Content validity reflects the degree to which the description of measurement items affects the survey results. The measurement items in the questionnaire were mainly taken from the published literature. The self-designed indexes are obtained through expert discussion. They were then combined with the characteristics of the research object. Therefore, we believe that the scale has a good content validity. Structural validity includes both convergent and discriminant validities. The main measurement indexes are the factor load and average variance extracted (AVE) [35]. Table 2 presents the specific analysis results and index values. The factor loads and AVE values of all variables are greater than 0.5, indicating that the model has good convergent validity [35]. Discriminant validity requires the lowest possible correlation among all variables. Moreover, the standard is that such value should be less than the square root of the AVE value of the variable itself [36]. Table 3 indicates that the data on the diagonal are the square roots of the AVEs of each variable, indicating that the model has acceptable discriminant validity.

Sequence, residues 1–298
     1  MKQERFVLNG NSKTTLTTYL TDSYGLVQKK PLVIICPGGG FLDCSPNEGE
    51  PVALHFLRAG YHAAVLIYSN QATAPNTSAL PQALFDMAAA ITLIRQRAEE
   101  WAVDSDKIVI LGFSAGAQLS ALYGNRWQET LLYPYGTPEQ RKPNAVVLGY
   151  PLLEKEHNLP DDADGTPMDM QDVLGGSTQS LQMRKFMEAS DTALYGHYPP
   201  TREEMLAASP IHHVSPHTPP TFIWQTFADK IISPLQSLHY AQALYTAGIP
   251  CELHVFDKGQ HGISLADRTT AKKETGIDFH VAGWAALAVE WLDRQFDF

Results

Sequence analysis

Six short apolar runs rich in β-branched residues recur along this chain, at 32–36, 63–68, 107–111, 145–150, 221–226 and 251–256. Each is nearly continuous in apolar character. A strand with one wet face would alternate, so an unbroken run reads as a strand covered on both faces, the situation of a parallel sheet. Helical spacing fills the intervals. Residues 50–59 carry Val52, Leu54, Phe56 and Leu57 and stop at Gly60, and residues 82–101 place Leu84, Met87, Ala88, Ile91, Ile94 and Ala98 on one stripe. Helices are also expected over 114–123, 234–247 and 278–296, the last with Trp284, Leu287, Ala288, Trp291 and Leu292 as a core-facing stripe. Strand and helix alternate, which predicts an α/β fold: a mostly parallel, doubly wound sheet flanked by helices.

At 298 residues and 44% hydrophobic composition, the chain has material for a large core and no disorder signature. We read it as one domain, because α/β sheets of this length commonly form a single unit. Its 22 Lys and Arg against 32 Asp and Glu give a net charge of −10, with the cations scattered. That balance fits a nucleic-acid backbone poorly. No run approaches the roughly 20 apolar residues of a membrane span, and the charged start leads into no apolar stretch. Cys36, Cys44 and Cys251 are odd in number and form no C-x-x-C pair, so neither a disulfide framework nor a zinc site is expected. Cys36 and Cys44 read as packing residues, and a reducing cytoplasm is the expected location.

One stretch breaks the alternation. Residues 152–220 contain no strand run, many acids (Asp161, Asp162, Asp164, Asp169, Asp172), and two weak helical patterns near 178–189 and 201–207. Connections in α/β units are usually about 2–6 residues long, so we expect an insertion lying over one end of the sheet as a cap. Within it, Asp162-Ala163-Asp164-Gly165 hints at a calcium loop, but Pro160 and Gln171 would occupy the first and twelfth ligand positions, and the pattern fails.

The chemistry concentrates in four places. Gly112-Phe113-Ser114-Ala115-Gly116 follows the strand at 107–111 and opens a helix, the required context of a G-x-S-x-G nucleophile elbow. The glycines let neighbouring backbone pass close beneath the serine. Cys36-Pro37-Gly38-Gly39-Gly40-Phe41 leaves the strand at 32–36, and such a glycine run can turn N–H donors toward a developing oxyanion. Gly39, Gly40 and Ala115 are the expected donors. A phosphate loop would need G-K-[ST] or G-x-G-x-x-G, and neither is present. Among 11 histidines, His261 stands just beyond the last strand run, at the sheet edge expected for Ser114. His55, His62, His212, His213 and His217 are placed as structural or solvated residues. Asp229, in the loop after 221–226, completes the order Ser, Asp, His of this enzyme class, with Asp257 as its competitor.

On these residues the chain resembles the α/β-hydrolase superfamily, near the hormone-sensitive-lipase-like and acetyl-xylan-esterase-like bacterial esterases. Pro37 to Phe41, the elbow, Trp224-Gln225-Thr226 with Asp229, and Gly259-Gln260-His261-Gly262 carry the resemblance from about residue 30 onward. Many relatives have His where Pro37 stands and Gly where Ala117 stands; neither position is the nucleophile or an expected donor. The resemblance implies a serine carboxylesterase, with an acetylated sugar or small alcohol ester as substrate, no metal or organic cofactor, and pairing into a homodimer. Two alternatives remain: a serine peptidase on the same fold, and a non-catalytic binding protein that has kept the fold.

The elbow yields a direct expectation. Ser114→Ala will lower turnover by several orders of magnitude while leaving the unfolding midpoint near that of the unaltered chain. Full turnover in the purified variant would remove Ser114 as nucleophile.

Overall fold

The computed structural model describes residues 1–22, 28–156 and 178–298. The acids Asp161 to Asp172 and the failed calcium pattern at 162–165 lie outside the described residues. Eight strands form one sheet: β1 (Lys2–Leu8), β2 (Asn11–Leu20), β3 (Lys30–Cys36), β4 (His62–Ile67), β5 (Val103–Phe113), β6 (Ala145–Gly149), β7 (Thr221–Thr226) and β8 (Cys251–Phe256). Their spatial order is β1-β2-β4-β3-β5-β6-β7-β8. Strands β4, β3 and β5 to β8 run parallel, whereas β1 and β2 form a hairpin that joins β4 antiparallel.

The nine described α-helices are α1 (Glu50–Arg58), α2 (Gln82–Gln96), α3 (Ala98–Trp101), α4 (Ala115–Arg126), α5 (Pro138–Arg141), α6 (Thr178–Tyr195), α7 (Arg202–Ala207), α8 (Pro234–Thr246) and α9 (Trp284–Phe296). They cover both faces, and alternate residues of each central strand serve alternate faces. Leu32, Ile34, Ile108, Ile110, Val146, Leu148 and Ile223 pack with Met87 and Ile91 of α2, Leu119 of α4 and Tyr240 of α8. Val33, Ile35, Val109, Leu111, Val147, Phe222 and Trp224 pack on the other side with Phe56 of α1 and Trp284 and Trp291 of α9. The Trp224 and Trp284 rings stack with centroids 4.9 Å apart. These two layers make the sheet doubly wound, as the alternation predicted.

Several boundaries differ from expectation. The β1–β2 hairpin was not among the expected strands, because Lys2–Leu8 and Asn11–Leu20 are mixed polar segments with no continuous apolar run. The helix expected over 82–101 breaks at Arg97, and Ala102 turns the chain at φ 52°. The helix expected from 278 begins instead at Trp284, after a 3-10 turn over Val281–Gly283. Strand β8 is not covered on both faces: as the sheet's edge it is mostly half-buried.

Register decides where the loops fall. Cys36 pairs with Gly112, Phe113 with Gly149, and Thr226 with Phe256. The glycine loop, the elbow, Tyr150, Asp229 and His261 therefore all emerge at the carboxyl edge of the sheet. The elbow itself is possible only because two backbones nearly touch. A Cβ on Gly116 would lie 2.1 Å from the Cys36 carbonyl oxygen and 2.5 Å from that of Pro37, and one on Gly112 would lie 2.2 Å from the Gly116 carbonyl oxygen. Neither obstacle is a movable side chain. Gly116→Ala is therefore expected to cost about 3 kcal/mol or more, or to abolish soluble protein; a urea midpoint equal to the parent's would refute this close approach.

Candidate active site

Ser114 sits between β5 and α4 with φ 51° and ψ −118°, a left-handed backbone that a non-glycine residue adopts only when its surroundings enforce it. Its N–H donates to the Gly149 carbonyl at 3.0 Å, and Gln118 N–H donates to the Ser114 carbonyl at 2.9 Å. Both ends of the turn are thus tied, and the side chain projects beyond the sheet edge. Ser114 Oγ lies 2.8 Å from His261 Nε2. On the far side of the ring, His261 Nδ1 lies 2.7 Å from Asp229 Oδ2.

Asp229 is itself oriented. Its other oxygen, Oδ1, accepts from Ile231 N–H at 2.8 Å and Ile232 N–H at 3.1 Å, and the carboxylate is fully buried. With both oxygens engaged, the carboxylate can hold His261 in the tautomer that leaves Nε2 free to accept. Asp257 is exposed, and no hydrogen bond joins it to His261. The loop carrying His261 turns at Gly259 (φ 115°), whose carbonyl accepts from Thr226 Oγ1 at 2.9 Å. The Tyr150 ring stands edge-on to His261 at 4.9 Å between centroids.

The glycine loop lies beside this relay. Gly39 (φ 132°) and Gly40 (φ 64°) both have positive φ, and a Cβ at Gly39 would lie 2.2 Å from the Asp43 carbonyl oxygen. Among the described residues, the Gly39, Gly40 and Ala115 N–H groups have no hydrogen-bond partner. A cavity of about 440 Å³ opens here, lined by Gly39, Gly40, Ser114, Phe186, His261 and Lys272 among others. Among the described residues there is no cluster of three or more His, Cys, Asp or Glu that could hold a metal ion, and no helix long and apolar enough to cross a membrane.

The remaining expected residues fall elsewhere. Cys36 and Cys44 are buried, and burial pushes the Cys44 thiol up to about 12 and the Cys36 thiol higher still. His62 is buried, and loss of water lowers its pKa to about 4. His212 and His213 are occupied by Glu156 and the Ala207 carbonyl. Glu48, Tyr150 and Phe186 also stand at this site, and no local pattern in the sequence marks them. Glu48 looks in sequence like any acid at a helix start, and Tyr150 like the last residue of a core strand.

Table 3. Discriminant validity matrix.

aAL: Altruism.

bCI: Community influence.

cER: Extrinsic reward.

dIR: Intrinsic reward.

eSE: Self-efficacy.

fWSHI: Willingness to share health information.

gNot applicable.

hAVE: Average variance extracted.

Demographic Characteristics

Table 4 lists demographic characteristics of the participants. The data indicate that, among the participants, 70.8% (131/185) were female and 90.8% (168/185) were aged between 19 and 38 years. Additionally, 96.8% (179/185) had an undergraduate degree or higher education level. This survey considers medical students as the starting point of the snowball sampling considering the good educational background of Zhihu users and the fact that medical students will be the main producers and disseminators of health information in the future.

Table 4. Demographic characteristics of participants.
VariableValue, n (%)

Male54 (29.2)

Female131 (70.8)
Age in years

≤189 (4.9)

19-38168 (90.8)

39-588 (4.3)

Senior high school and below3 (1.6)

Junior college3 (1.6)

Undergraduate143 (77.3)

Master and above36 (19.5)
Background of majors

Medical science or related139 (75.1)

Nonmedical-related46 (24.9)

Student150 (81.1)

Government personnel11 (5.9)